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You can make an entire Braves team out of former Yankees

A lot of former Yankees have resurfaced in Atlanta in recent years.

MLB: New York Mets at Atlanta Braves Brett Davis-USA TODAY Sports

The Pirates released Francisco Cervelli on Thursday and since then, the speculation has been that he is going to sign with the Braves. If he does, Cervelli will join a remarkable number of former Yankees that have gone on to play in Atlanta’s organization over the last few years. At least nine players with experience in the Yankees’ system have played in either the majors, Triple-A, or Double-A for the Braves in 2019 alone.

In fact, you can make an entire lineup just out for former Yankee pitchers and catchers.

Catcher: Chris Stewart

He is now retired and spent the time he did play in 2019 with the Padres, but most of Stewart’s 2018 playing time came with the Gwinnett Stripers, Atlanta’s Triple-A affiliate. He hit .219/.299/.277 there, which is almost identical to his line as a member of the 2013 Yankees. Of all the catchers to choose from, he gets the nod at that position because he would just look too awkward anywhere else.

First Base: Brian McCann

Yes, this is one is cheating a bit since he was a Brave before he was a Yankee, but McCann is back in Atlanta now. He’s on the IL currently, but otherwise having a seemingly normal late stage McCann season: a bit below average hitting but with solid defense. He only has over 100 career innings at first base, so he gets the nod there.

Second Base: Francisco Cervelli

The soon to be newest member of the Yankees-to-Braves pipeline has three career major league innings at second base. They were all in emergency situations where a team ran out of bench players, but he’s the best option on a team literally full of pitchers and catchers.

Shortstop: Shane Greene

After a couple not great seasons post-trade, Greene has carved out a career for himself as a good reliever over the past couple years. At least, he was. A trade deadline move to Atlanta has not worked out so far. In 10 games with his new team, Greene currently has a 7.56 ERA and is allowing 16.2 hits per nine. He is shortstop in honor of the player the Yankees got back from him: Didi Gregorius.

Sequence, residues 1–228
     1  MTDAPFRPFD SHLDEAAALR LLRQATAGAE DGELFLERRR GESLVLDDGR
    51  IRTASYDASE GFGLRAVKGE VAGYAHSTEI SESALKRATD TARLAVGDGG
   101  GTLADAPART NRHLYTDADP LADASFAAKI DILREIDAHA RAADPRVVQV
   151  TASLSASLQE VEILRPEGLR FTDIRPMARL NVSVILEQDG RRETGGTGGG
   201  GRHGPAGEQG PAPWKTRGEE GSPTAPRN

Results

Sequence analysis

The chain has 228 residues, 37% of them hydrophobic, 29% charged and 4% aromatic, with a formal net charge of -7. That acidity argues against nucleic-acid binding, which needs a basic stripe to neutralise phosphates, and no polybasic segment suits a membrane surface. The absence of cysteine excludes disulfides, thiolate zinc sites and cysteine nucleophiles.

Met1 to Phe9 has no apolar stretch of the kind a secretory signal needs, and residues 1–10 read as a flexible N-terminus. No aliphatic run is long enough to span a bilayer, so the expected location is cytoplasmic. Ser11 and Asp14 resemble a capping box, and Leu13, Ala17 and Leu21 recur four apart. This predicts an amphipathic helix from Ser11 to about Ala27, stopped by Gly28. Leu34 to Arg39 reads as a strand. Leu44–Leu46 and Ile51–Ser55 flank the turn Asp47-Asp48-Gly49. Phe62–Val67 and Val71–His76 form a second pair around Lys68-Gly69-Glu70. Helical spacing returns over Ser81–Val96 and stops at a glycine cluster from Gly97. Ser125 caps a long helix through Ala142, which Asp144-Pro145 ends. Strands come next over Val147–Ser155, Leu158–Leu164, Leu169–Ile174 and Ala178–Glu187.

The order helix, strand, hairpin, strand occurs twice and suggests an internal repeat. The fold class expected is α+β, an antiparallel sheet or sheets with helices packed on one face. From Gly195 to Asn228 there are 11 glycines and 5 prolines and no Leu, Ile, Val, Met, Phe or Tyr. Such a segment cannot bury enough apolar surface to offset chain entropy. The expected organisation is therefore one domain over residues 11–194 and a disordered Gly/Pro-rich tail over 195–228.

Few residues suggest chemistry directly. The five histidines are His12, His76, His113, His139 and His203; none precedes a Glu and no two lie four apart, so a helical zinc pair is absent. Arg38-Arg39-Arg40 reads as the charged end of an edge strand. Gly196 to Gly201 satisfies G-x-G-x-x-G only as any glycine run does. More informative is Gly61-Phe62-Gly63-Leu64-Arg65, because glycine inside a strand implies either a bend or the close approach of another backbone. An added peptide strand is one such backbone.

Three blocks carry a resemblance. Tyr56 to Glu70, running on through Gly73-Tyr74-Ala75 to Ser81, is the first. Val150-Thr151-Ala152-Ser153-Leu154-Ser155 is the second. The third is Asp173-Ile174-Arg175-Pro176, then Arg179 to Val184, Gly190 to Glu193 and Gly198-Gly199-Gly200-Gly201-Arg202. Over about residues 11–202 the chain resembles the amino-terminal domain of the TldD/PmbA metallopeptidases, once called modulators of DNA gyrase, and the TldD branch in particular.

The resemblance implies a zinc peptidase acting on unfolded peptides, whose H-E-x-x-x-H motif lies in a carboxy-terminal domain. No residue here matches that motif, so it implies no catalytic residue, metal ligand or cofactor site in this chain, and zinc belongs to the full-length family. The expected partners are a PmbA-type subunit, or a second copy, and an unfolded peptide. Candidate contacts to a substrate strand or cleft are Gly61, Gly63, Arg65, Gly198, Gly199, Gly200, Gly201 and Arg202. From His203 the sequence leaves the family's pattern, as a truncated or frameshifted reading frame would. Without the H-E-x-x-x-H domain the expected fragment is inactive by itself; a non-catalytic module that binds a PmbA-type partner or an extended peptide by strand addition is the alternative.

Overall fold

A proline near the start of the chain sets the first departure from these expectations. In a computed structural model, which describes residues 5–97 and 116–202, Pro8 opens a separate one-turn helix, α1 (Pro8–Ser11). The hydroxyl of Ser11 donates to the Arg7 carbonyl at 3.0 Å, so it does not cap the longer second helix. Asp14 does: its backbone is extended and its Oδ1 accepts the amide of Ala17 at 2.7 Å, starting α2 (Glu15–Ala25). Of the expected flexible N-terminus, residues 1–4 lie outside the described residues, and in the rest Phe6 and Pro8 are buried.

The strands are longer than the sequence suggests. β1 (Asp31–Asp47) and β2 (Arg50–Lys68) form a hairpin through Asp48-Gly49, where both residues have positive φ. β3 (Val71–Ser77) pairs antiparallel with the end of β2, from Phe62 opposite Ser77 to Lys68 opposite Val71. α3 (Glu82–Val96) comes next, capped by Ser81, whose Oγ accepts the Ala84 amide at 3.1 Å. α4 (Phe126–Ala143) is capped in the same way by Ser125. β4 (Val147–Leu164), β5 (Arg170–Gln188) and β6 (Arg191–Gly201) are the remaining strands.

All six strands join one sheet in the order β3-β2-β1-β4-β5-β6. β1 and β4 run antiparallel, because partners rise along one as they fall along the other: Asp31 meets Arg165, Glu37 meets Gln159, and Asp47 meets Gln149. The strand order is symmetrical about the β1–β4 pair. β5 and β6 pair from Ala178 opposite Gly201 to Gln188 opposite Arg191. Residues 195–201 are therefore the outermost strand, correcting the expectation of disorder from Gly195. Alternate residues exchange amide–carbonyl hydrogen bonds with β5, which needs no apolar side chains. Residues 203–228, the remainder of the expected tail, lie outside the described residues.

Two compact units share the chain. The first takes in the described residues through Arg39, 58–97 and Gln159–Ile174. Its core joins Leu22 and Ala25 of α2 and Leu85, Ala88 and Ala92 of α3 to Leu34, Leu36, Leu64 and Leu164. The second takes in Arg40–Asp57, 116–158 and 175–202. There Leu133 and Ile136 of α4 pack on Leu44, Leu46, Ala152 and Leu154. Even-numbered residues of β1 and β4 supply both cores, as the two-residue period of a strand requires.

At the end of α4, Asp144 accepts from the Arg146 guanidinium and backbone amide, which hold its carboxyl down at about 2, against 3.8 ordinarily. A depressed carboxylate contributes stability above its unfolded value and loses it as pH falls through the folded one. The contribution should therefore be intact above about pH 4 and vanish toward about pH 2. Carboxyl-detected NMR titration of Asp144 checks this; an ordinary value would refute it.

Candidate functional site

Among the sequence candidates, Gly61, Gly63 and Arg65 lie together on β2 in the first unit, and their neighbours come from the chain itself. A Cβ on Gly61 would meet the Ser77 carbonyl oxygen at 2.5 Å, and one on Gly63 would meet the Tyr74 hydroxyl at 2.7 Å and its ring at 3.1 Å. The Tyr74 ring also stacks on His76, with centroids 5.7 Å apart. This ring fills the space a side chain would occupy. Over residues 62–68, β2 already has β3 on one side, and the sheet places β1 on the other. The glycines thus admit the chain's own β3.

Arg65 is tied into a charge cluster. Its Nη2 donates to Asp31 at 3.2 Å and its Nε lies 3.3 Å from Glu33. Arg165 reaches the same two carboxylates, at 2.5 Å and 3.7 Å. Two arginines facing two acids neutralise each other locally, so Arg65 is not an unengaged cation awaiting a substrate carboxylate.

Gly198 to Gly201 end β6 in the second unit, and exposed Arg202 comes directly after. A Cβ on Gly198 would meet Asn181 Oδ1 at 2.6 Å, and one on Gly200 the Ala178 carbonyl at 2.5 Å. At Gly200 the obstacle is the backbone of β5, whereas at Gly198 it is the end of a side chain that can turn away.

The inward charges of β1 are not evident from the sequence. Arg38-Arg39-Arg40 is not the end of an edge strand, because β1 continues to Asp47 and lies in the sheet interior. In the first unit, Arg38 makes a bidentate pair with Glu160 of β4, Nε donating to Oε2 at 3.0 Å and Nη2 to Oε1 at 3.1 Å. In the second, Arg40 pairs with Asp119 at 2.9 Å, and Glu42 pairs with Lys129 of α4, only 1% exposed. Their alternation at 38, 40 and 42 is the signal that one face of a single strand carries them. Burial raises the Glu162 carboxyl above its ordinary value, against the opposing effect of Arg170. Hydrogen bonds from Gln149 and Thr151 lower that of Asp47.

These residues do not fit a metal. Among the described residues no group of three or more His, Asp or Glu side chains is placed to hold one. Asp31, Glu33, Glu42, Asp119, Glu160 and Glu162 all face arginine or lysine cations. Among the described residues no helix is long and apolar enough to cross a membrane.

Third Base: John Ryan Murphy

Here is a list of Murphy’s major league seasons by OPS+ since leaving the Yankees: 12, 5, 61 and 68. He is the Braves’ organization, which is his third team since he was swapped for Aaron Hicks. Murphy played some third base early in the minors, so he can go there. The .591 OPS in Triple-A might not play great, however.

Outfield: Chris Martin

Martin’s major league career was seemingly over after his stint in New York in 2015. It took him three years to make it back, and then this year, he was another reliever acquired mid-season by Atlanta. Like Greene, it’s not going great so far.

Outfield: Anthony Swarzak

Since leaving the Yankees, Swarzak has become a pretty solid reliever, despite how he looked in pinstripes. That is, except for one season. In 2017, he had a ERA+ of 187, and this year is at 131. In 2018, it was 62. Who did he play for in 2018? The Mets, obviously.

Outfield: Mark Melancon

It’s been a long time since he was a Yankee, but Melancon did come through New York’s system. He’s far more identifiable with other teams, but he does count on this list. As for his performance with the Braves since a mid-season trade? Just copy and past the stuff about Greene and Martin.

Pitcher: Manny Banuelos

Oh what could have been for ManBan. After never quite making it up to the majors with the Yankees, he was traded to Atlanta in January 2015. The trade didn’t work for either team except for one part: the Yankees got back Chasen Shreve, who they then used to get Luke Voit.

Banuelos made his major league debut in 2015, but he wasn’t particularly great. He then dipped out of the majors for a couple years and only just resurfaced this year with the White Sox. He had been gone so long after so short a career that he came into 2019 still eligible for Rookie of the Year. He has a 6.90 ERA and is walking nearly six batters per nine, so I don’t think he’s going to get any votes.